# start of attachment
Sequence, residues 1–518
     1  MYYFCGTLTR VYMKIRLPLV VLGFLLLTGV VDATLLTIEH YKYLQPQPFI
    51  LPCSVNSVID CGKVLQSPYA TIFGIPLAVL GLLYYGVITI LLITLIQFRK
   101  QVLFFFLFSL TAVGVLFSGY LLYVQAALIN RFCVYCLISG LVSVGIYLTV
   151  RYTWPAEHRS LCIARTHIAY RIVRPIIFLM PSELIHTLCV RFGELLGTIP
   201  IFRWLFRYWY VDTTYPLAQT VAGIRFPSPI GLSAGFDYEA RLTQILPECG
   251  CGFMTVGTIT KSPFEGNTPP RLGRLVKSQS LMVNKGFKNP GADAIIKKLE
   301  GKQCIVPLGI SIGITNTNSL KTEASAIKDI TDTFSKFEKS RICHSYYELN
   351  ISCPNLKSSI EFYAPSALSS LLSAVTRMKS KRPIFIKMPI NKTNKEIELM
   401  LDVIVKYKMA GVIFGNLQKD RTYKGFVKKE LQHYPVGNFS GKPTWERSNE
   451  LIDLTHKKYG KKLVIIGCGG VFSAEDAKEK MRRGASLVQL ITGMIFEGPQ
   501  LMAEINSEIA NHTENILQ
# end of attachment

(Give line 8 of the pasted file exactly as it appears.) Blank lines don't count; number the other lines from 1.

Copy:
   301  GKQCIVPLGI SIGITNTNSL KTEASAIKDI TDTFSKFEKS RICHSYYELN